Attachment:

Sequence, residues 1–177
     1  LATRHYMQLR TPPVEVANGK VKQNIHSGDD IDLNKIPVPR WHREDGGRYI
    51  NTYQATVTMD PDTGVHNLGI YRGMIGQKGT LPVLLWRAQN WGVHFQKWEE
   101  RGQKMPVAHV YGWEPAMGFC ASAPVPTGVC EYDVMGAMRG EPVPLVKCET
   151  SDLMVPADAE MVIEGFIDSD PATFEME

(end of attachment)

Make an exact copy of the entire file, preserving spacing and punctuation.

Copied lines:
Sequence, residues 1–177
     1  LATRHYMQLR TPPVEVANGK VKQNIHSGDD IDLNKIPVPR WHREDGGRYI
    51  NTYQATVTMD PDTGVHNLGI YRGMIGQKGT LPVLLWRAQN WGVHFQKWEE
   101  RGQKMPVAHV YGWEPAMGFC ASAPVPTGVC EYDVMGAMRG EPVPLVKCET
   151  SDLMVPADAE MVIEGFIDSD PATFEME